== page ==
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      A nearly 20-year ban on human spaceflight regulations is set to expire / ArsTechnica · Thursday, 27 July, 2023 - 11:00

    A crew of six passengers, including former professional football player and television anchor Michael Strahan, stroll past the Blue Origin New Shepard booster they rode into space in December 2021.

    Enlarge / A crew of six passengers, including former professional football player and television anchor Michael Strahan, stroll past the Blue Origin New Shepard booster they rode into space in December 2021. (credit: Mario Tama/Getty Images )

    In 2004, Congress passed a law that established a moratorium on federal safety regulations for commercial astronauts and space tourists riding to space on new privately owned rockets and spacecraft. The idea was to allow time for new space companies to establish themselves before falling under the burden of regulations, an eventuality that spaceflight startups argued could impede the industry's development.

    The moratorium is also known as a "learning period," a term that describes the purpose of the provision. It's supposed to give companies and the Federal Aviation Administration—the agency tasked with overseeing commercial human spaceflight, launch, and re-entry operations—time to learn how to safely fly in space and develop smart regulations, those that make spaceflight safer but don't restrict innovation.

    Without action from Congress, by the end of September, the moratorium on human spaceflight regulations will expire. That has many in the commercial space industry concerned.

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      TikTok CEO fails to convince Congress that the app is not a “weapon” for China / ArsTechnica · Thursday, 23 March, 2023 - 22:21

    TikTok Chief Executive Officer Shou Zi Chew testifies before the House Energy and Commerce Committee.

    Enlarge / TikTok Chief Executive Officer Shou Zi Chew testifies before the House Energy and Commerce Committee. (credit: Kent Nishimura / Contributor | Los Angeles Times )

    For nearly five hours, Congress members of the House Committee on Energy & Commerce grilled TikTok CEO Shou Zi Chew over concerns about the platform's risks to minor safety, data privacy, and national security for American users.

    “The American people need the truth about the threat TikTok poses to our national and personal security,” committee chair Cathy McMorris Rodgers (R-Wa.) said in her opening statement, concluding that “TikTok is a weapon.”

    Rodgers suggested that even for Americans who have never used the app, “TikTok surveils us all, and the Chinese Communist Party (CCP) is able to use this as a tool to manipulate America as a whole.”

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      Biden’s TikTok ultimatum: Sever ties with China or face US ban / ArsTechnica · Thursday, 16 March, 2023 - 16:12 · 1 minute

    Biden’s TikTok ultimatum: Sever ties with China or face US ban

    Enlarge (credit: NurPhoto / Contributor | NurPhoto )

    After US President Joe Biden and the Committee on Foreign Investment in the United States (CFIUS) spent years trying to work out a deal with TikTok that could address national security concerns, Biden seems to have given up. Yesterday, TikTok confirmed that the Biden administration issued an ultimatum to the app’s China-based owners to either divest their stakes or risk a TikTok ban in the US, Reuters reported .

    Biden’s demand comes just one week before TikTok CEO Shou Zi Chew is scheduled to testify before the House Energy and Commerce Committee. The Wall Street Journal confirmed that Chew is already in the US and is working with “experienced Washington advisers” to help him defend TikTok against its harshest critics in Congress next Thursday.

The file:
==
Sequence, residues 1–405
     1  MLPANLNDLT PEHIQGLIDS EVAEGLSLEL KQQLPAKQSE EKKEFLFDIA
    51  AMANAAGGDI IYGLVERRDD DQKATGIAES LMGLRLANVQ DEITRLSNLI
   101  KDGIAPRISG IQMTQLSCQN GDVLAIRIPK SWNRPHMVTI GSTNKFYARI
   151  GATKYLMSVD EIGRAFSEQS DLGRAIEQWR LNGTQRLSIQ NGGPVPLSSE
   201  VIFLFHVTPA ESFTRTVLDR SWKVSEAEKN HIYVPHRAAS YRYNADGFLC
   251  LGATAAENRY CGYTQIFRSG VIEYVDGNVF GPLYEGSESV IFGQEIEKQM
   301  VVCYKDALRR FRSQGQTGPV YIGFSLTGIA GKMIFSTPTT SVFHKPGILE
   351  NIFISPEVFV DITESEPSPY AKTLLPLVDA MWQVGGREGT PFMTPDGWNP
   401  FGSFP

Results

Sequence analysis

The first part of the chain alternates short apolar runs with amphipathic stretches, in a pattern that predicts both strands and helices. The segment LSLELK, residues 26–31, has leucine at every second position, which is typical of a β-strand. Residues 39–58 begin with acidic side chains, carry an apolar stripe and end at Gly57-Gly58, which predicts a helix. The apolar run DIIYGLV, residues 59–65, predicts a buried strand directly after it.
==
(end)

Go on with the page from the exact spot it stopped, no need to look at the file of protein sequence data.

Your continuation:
Chew told The Journal that forcing a sale does not address national security concerns any better than the deal that TikTok had already worked out with the CFIUS. Under the deal that Biden seems to be shrugging off now, TikTok has already invested billions in moving its US users’ data to US servers and hiring independent monitors to ensure that Americans’ TikTok feeds can’t be manipulated and that their data can’t be accessed by China authorities.

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      Congressman confronts FBI over “egregious” unlawful search of his personal data / ArsTechnica · Friday, 10 March, 2023 - 18:57 · 1 minute

    Rep. Darin LaHood (R-Ill.)

    Enlarge / Rep. Darin LaHood (R-Ill.) (credit: Bill Clark / Contributor | CQ-Roll Call, Inc. )

    Last month, a declassified FBI report revealed that the bureau had used Section 702 of the Foreign Intelligence Surveillance Act (FISA) to conduct multiple unlawful searches of a sitting Congress member’s personal communications. Wired was the first to report the abuse , but for weeks, no one knew exactly which lawmaker was targeted by the FBI. That changed this week when Rep. Darin LaHood (R-Ill.) revealed during an annual House Intelligence Committee hearing on world threats that the FBI’s abuse of 702 was “in fact” aimed at him.

    “This careless abuse by the FBI is unfortunate,” LaHood said at the hearing, suggesting that the searches of his name not only “degrades trust in FISA” but was a “threat to separation of powers” in the United States. Calling the FBI’s past abuses of Section 702 “egregious,” the congressman—who is leading the House Intelligence Committee's working group pushing to reauthorize Section 702 amid a steeply divided Congress—said that “ironically,” being targeted by the FBI gives him a “unique perspective” on “what’s wrong with the FBI.”

    LaHood has said that having his own Fourth Amendment rights violated in ways others consider “frightening” positions him well to oversee the working group charged with implementing bipartisan reforms and safeguards that would prevent any such abuses in the future.

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      Aktueller Stand zur Jahresendveranstaltung

      nd · / CCCEvent · Monday, 3 May, 2021 - 08:00 · 1 minute

    English version below

    TL;DR: Wir versuchen ein physisches Event zu veranstalten. Es wird aber definitiv einen virtuellen Teil geben. Mehr Infos später im Jahr.

    Es ist noch sehr früh im Jahr, vor allem für Blogposts zum Congress. Dennoch möchten wir euch jetzt schon über den Planungsstand zu einem möglichen Event Ende des Jahres informieren. Auch wenn noch überhaupt nicht klar ist, wie ein Event Ende 2021 aussehen könnte, möchten wir versuchen, dieses Jahr ein physisches Event zum üblichen Zeitpunkt zu veranstalten. Ob das klappt ist zum jetzigen Zeitpunkt allerdings noch völlig offen.

    Unabhängig davon wird es einen virtuellen Teil geben.

    Wir gehen davon aus, dass wir Ende des Sommers (August/September) weitere Informationen für Euch haben. Sobald es soweit ist, findet Ihr die Infos auch wieder hier im Events Blog.

    Stay tuned.

    English version:

    Status of the Event at the End of 2021